The birth of a child is one of life's most joyful events. However, for many Texas women that happiness is darkened by sadness and anxiety of postpartum depression. The Centers for Disease Control and Prevention has found that approximately 10 percent of new mothers may experience postpartum depression, which is characterized as a major depressive disorder with a pregnancy or postpartum onset.

Mental health issues overall impact approximately 1 in 5 adults in Texas, according to the CDC. The Texas Health and Human Services Commission is promoting Mental Health Awareness Month this May, bringing this issue to the forefront to encourage critical, ongoing conversations and provide support and information about mental health risk factors, symptoms and treatments.

When it comes to PPD, proper recognition is key. While symptoms for PPD can be broad or similar to other conditions, common symptoms can include extreme sadness, anxiety and exhaustion. It's important to note that PPD should not be confused with the "baby blues." The baby blues is a contained period of mild ups, downs, weepiness or stress lasting a few days up to two weeks within a few days of a baby's birth.

New moms and their loved ones should not ignore or dismiss any unusual symptoms or behaviors. If left untreated, PPD can impair how a new mom cares for herself or her newborn. For example, a new mom may eat or sleep poorly, miss prenatal visits or not follow medical instructions. A new mom may not be able to bond with her child or respond to his or her needs. This could impact the infant's cognitive development or cause problems with sleeping and eating.

It's important for new mothers who may be struggling to discuss their concerns with their health care provider.

Texas health experts also need to help women who may have PPD. For example, the state has several initiatives that can provide women with important health information and connect them with mental health resources.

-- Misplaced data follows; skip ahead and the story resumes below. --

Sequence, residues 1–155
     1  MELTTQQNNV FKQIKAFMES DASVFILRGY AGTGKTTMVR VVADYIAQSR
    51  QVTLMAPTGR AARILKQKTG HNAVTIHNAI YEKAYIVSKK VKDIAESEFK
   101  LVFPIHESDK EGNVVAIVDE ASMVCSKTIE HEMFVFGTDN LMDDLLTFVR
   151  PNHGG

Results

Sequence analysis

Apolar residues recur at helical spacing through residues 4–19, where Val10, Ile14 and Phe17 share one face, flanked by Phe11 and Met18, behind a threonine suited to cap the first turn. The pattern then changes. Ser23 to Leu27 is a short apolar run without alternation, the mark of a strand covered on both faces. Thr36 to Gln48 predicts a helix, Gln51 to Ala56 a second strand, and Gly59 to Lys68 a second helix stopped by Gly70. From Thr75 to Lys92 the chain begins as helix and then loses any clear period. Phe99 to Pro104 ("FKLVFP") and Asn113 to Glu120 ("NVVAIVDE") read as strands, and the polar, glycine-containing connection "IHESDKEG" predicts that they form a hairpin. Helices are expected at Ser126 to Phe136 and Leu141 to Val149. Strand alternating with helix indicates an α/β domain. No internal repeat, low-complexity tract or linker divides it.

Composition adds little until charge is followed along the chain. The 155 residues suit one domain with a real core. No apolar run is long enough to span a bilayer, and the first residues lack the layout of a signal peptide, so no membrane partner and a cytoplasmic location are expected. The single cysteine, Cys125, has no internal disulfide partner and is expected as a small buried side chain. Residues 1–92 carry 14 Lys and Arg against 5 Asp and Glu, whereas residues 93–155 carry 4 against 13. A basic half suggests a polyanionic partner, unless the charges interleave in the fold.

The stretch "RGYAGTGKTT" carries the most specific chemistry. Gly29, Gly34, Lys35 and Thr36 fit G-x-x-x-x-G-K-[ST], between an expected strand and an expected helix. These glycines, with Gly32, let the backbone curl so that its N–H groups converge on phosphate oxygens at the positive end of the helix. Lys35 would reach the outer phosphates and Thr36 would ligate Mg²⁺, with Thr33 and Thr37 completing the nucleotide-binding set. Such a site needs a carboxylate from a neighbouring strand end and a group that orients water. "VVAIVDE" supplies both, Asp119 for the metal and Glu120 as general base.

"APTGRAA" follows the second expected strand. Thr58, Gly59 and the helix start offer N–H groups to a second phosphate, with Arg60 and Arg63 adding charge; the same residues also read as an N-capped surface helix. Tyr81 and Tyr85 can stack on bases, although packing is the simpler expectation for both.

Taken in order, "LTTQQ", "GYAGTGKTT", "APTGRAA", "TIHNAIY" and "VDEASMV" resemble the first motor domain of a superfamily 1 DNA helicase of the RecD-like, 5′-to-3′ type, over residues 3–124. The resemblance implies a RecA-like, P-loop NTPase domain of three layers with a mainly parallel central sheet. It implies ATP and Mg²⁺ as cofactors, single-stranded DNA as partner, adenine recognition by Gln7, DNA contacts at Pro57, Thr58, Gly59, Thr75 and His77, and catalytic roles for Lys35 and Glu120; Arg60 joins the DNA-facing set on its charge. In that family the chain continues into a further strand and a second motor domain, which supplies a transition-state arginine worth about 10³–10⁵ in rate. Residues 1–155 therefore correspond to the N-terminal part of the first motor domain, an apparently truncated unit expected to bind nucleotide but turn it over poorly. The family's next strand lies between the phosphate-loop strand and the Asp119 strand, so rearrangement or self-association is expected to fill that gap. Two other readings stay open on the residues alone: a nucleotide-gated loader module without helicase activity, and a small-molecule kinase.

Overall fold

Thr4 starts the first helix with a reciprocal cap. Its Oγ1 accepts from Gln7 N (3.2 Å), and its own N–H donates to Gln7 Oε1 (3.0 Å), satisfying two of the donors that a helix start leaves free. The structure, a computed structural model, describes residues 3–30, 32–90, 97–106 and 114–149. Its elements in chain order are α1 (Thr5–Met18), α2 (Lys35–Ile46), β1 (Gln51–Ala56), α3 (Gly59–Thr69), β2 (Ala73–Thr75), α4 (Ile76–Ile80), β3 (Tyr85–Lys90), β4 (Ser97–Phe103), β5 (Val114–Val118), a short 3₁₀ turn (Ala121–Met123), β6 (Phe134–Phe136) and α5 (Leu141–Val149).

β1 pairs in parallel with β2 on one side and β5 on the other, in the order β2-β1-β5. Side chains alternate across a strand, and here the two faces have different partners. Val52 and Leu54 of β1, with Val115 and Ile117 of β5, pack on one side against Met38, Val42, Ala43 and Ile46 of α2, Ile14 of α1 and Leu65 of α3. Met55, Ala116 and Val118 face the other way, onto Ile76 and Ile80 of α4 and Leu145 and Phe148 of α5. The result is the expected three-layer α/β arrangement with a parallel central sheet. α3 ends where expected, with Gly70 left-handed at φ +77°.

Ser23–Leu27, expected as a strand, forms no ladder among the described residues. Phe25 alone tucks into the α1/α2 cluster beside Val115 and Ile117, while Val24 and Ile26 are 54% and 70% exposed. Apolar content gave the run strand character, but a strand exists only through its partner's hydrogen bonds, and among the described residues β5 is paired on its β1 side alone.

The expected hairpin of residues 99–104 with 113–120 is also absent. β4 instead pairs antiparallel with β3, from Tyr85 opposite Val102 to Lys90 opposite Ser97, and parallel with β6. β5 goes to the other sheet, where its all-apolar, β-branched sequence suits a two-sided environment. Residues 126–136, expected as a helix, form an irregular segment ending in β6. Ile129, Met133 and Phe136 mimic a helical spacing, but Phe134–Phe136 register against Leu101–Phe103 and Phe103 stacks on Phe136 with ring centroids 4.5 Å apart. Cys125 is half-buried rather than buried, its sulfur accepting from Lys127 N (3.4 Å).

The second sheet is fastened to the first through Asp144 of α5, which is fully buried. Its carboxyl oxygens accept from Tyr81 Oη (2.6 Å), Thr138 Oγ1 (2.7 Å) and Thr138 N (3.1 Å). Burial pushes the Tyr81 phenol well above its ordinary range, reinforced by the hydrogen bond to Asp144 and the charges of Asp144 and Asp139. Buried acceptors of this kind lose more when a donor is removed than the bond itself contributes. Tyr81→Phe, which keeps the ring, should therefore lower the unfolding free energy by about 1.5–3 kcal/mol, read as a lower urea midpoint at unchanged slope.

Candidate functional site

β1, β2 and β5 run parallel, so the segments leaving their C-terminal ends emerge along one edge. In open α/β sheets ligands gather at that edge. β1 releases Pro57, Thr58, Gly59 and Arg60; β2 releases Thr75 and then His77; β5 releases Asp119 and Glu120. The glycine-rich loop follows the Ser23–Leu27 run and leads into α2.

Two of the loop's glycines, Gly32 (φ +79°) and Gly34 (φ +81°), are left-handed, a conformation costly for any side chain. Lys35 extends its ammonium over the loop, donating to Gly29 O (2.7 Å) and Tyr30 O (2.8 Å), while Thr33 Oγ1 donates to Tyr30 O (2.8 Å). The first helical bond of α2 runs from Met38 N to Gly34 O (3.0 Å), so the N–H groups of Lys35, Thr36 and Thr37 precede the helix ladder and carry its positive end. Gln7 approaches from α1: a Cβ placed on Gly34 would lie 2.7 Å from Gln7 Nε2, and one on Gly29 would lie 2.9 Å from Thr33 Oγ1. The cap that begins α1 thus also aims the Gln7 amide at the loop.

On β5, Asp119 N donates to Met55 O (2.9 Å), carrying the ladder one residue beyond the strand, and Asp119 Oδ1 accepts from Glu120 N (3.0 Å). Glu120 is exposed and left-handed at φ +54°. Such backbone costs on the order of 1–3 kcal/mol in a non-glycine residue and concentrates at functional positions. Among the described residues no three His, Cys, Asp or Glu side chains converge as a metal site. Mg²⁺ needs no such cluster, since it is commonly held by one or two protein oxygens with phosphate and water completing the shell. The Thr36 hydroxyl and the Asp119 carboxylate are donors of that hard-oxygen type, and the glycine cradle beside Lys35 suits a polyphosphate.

Healthy Texas Women offers screening, diagnosis and treatment for women who have PPD. A new mom can visit to find a doctor near her who can help her determine if she has PPD or another condition. Postpartum screenings for PPD also can lead to early detection, giving a new mom the opportunity to seek and receive treatment to help improve her mental health and overall well-being.

Another option is to visit Mental to find a provider in the Pregnant Postpartum Intervention program. If a new mom has a history of substance abuse, PPI can help with substance use screening and assessment, counseling and intensive case management and psychoeducation. PPI providers leverage postpartum depression resources and support groups to enhance their services to prepare mothers for child care.

Resources also are available for health care providers through the Texas Clinician's Postpartum Depression Toolkit on the Provider Resource page at Those tools are designed to encourage an ongoing conversation between doctors and new mothers.

We encourage all mothers to make their health a priority and when necessary seek out the support and services they may need. Your new baby is depending on you.

Lesley French is the associate commissioner of Health, Developmental and Independence Services Department at the Texas Health and Human Services Commission.

Sonja Gaines is the associate commissioner for Intellectual and Developmental Disabilities and Behavioral Health Services at the Texas Health and Human Services Commission.

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